As a movement of ambitious and forward-thinking women, it’s no surprise that Lean In China is looking to develop beyond small, local groups. “The intimate circles are not a big success in China,” claims Virginia Tan, a banking lawyer and the co-founder of the Beijing chapter. “Chinese urban women think big. They don’t want to host circles with 10 women, they want to make a difference.”
This sentiment has led founders in four major cities — Beijing, Shanghai, Guangzhou, and Shenzhen — to decide to unite all the chapters under one roof. “Our branches have more access to resources and international speakers than the smaller, newer groups,” explains Kang. “If we unite, we can share our materials and help strengthen their activities. Our goal is to reach every woman in China and help her realize and materialize her dreams. In the end, if you want to be heard in China, you need to build one big organization.”
But the road to national recognition in China is not a smooth one. China’s main women’s rights organization, the state-backed All-China Women’s Federation, has been criticized for espousing conservative attitudes towards marriage, causing many younger feminists to feel the organization is an outmoded bureaucracy that’s more concerned with protecting state power than pushing women’s rights.
Tan is keen to emphasize that building a national network of women’s empowerment groups should not be seen as a direct challenge to the well-established government organization. “We are not a political group and do not wish to bring political change,” she says. “Our agenda is not to blame the government or men, but to help women unlock their barriers from the inside. It’s not that we don’t want social change, but that social change is not something you have control over.”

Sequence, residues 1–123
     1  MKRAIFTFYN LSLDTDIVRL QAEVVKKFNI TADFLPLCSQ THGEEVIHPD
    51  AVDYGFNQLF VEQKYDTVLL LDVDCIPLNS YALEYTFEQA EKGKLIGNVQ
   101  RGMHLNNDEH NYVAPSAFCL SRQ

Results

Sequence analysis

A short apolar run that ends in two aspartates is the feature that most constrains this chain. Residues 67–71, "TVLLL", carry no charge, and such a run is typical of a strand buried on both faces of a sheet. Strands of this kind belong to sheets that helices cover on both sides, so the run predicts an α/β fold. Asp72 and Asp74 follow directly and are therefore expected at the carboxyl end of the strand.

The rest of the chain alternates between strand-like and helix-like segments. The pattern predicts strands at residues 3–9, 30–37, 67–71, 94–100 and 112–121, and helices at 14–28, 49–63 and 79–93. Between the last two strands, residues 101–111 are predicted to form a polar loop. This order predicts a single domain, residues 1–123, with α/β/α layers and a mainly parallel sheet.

The reluctance to rock the boat comes after Lean In China decided not to establish itself as a non-governmental organization, following new laws set out by the government recently that make it more difficult to register an NGO.
Yet regardless of the form that the Lean In movement eventually takes, Kang has her eyes set on a new frontier: reaching women from the countryside. It will be a challenge for China’s Lean In movement, whose core membership is firmly urban. Further afield, the Lean In movement has come under fire as being exclusive and elitist. In 2013, when Lean In was in its infancy, feminist Linda Burnham claimed the movement represented feminism for the 1 percent — “all about the glass ceiling, never about the floor.”
Kang doesn’t hide from the fact that Lean In currently serves a very limited demographic, and she envisages that the organization will need to bring in consultants if it is to effectively address the life experiences of rural women. “As a proper organization, we will have the ability to hire experts to deal with the unique situations facing these women, and help rural women realize their dreams and overcome their obstacles.”
(Header image: Members of ‘Lean In Shanghai’ listen to a speech during an annual event in Shanghai, Dec. 19, 2015. Gao Zheng/Sixth Tone)